One thing that's always fascinated me about navigation is that even in highly edited and reviewed publications, it's common to find educated and thoughtful people mixing up east and west. My rough estimate is that at least 1% of references to east and west in print media are backwards. The trivial occasion for this observation is this article by San Francisco Chronicle architecture reviewer John King about the possibilities of parkland associated with the new San Francisco bay bridge.
The elements that meet at the west edge of the bridge, transportation and industry, are every bit as central to our region as the scenic hills and bay. ...
He's definitely talking about the east end of the bridge, in Oakland. The west end is downtown San Francisco, and there's no longer much industry there.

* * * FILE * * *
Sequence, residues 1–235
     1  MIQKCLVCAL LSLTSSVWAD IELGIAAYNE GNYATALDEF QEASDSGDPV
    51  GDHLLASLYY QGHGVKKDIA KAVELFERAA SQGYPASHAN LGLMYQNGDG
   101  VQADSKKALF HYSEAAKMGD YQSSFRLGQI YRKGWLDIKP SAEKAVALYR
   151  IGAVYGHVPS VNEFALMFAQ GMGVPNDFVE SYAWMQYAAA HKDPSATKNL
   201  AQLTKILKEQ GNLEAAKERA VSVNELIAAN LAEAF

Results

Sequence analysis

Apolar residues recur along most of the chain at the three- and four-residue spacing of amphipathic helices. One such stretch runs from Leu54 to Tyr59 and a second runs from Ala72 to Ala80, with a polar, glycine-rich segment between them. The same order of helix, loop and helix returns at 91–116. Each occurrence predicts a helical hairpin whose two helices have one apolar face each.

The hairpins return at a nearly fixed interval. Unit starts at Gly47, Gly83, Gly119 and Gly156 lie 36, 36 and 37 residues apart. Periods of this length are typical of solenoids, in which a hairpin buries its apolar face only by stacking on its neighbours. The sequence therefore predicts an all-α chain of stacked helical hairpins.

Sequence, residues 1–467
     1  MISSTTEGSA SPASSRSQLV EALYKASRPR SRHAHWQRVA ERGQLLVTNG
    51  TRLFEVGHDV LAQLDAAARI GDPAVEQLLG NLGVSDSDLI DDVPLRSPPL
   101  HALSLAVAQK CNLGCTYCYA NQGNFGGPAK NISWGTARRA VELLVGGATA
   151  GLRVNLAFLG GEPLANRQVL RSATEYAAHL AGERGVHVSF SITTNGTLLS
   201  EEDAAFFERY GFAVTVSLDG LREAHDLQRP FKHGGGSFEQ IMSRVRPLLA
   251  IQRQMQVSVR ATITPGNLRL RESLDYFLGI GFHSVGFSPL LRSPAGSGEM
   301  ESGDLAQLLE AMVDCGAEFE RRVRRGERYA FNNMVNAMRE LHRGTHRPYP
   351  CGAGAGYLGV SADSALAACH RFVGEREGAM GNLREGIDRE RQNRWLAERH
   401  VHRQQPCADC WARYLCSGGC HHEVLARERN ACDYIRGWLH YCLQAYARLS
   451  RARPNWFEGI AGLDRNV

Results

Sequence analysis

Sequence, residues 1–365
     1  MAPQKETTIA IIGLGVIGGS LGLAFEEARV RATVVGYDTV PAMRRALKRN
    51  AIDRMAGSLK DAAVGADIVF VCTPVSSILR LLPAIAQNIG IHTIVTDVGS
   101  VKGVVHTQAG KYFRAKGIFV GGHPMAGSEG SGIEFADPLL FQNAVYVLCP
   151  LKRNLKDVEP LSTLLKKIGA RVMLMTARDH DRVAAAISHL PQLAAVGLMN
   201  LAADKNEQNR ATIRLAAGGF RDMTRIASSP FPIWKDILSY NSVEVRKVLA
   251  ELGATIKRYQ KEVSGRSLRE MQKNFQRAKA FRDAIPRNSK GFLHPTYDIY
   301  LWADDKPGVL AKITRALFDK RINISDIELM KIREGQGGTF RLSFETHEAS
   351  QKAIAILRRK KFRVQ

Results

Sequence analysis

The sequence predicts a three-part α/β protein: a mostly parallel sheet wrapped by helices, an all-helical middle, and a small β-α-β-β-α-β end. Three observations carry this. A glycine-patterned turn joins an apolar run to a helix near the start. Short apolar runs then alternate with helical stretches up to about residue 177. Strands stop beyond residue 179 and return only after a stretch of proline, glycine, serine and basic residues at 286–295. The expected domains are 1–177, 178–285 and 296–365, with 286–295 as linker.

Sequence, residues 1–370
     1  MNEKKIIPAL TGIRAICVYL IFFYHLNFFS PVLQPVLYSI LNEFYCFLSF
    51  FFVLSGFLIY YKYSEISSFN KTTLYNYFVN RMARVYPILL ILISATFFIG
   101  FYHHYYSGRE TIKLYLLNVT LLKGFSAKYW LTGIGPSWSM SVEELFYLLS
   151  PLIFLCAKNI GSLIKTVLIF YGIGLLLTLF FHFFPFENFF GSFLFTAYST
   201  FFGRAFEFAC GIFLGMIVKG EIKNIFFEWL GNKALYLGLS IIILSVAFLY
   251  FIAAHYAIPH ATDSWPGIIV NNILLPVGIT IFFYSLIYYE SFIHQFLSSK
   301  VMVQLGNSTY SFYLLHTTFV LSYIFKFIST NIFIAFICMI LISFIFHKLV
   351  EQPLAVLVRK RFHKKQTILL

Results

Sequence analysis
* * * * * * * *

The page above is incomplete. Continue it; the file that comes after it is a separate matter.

But I've never, ever seen a journalist mix up north and south.
Me, I never mix up either one. My brain is nailed to the compass. I can't imagine what it would be like to imagine, even for a distracted instant, that the Oakland end of the Bay Bridge is the west end. I can't even imagine how certainty about north and south could co-exist with vagueness about east and west. I mean, if you can figure out north, then face north! Now wave your right hand! East!
Or do people who mix up east and west also mix up left and right?